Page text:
Add in a pair of good tag matches and this was a really strong show. P’s Party continues to be a great showcase and playground for lesser experienced wrestlers and a ton of fun.
Important night for a variety of reasons, with a loaded card to boot.
ChocoPro is a unique effort from Gatoh Move’s Emi Sakura to bring live wrestling from Ichigaya to fans all over the world and take full advantage of the unique particulars of wrestling without a crowd / specifically for online delivery.
This is one of their rare ring shows at Shinkiba 1st Ring. Masahiro Takanashi has been out with injury for nine months. His originally scheduled self-produced return show had to be cancelled due to renewed Covid restrictions in Tokyo. He gave the reserved venue spot to ChocoPro for this special show, and while he won’t be doing a full comeback match he will make his return in a five minute exhibition.
Emotional show for me as one of my favorite wrestlers is officially retiring (which in Japan is often referred to as “graduating” from the company or field). Check out my farewell piece for more thoughts and a personal look back on Mitsuru’s career.
In a great touch, Mitsuru is out with Akki to open and handles announcing duties all show.
1) Tokiko Kirihara, Lulu Pencil, & Chie Koishikawa vs Antonio Honda, Hagane Shinnou, & Ryuichi Sekine
As the veteran trio comes out Sekine is playing saxophone, Hagane guitar, and Honda is singing. They are apparently a regular band, and this was a cool way to have a little music in the show (entrance themes are generally not played for ChocoPro shows as any type of recorded music tends to flag YouTube’s overeager copyright algorithms).
This is a huge match for the gen 4 trio*, and the first time they’re teaming in six-person competition.
I love the way this progressed. The men’s team was joyfully heelish, while their opponents persevered and slowly built up momentum. Eventually after their powerhouse Tokiko ran wild they had established and maintained a small but definite advantage.
At which point Honda called the band in for a Mitsuru tribute to deflect from the trouble he was in. He suckered his opponents into dancing, then eye poked them all and finished Lulu with a fist drop from the second rope (while Hagane and Sekine were still playing their instruments).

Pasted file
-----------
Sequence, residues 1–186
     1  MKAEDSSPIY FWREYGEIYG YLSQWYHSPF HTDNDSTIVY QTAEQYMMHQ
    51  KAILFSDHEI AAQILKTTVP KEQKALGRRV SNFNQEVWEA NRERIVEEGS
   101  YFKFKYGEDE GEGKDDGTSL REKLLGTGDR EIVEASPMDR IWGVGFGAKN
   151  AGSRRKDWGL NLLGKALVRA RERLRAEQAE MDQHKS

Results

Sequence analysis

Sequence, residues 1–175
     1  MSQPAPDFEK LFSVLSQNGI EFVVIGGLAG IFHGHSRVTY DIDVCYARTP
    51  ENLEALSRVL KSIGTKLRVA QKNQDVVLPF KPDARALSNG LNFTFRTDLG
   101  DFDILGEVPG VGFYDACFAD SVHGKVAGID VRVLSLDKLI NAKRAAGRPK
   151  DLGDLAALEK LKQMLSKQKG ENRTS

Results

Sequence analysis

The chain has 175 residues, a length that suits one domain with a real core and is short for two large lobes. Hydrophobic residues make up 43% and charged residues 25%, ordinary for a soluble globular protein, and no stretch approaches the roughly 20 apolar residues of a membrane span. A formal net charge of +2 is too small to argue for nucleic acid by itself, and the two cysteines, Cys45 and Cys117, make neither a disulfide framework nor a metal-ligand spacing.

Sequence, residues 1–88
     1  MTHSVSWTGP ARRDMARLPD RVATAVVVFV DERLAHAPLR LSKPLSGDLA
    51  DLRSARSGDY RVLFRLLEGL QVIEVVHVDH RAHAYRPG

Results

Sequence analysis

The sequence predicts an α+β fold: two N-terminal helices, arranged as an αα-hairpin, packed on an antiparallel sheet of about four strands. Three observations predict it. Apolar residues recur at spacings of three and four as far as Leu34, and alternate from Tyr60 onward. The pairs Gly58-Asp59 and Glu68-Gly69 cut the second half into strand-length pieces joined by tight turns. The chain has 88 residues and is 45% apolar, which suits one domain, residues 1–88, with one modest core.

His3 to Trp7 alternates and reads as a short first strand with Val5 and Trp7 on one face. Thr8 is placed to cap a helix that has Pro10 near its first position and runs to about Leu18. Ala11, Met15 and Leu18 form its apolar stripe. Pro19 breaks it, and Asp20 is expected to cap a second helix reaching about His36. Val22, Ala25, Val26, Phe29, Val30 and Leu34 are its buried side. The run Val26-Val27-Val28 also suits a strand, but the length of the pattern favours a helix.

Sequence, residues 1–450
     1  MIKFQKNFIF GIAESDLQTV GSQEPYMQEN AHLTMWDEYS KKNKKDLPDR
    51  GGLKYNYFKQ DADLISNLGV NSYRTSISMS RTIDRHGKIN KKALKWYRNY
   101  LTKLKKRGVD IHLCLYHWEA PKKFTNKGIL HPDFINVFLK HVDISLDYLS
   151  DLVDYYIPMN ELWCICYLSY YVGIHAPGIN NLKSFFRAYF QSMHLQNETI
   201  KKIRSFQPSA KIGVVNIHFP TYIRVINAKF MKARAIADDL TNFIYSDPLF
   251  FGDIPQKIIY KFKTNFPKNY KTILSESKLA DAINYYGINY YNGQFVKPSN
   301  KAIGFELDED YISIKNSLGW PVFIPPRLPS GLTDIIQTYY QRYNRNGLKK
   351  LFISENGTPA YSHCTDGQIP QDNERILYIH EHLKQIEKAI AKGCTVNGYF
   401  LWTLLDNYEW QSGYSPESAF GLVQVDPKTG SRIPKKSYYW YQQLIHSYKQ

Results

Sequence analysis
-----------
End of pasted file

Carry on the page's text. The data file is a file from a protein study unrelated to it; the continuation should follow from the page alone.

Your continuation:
Absurd in a pretty great way, this match combined comedy and action well and in a way that let the overmatched trio really shine even in defeat.
* The six wrestlers who debuted on August 28, 2019 (Lulu, Chie, Tokiko, Sayaka, Sayuri, and Rin Rin) are being referred to as the fourth generation of Gatoh Move. Making up over half of the roster and the unusual circumstances of 2020 have challenged them harder and faster than normal. Even though they all still have under two years of experience, in recognition of their progress they are no longer being referred to as rookies by their seniors.
2) Emi Sakura & Sayaka Obihiro vs Sayuri & Sawasdee Kamen
Sayuri’s back! And with awesome new gear! Sawasdee was a regular partner of Mitsuru, so it’s really nice to see him on this show. They’ll make a good team against Gatoh Move’s most senior roster members.
Sayuri looked really good here. She always seems to somehow sharpen her skills and come back even stronger and smoother whenever she’s out for a bit. The match was largely about her tenacity, hanging in against Obi & Emi’s assault to set things up for her more experienced partner.
Late in the match Obi & Emi seemed not to be on same page, but it lead to suckering the other team in when they exaggerated their displeasure with each other. Little touches like this that build a bit throughout the match provide a lot of additional depth that’s often felt even more than it’s noticed, and Emi’s a master at it.
Emi pulled out the freaking 450 for the win (into a double knee drop on Sawasdee’s stomach/chest… ouch). My jaw always drops when I see her do it. I believe the last time we were treated to that amazing spectacle was at the retirement show of Aoi Kizuki, another of Emi’s trainees.
An emotional Emi speaks briefly to Mitsuru after the match, and Sawasdee hands Mitsuru her hero mask on his way out.
Exhibition: Masahiro Takanashi vs Choun Shiryu
Exactly the technical masterclass to be expected from these two. Fantastic to see Masa back from injury and looking to be in great shape/spirits/form. He was favoring the leg a bit by the end, but seemed ok overall. Masa set up his finish just as the five minute time limit ran out making this exhibition a draw.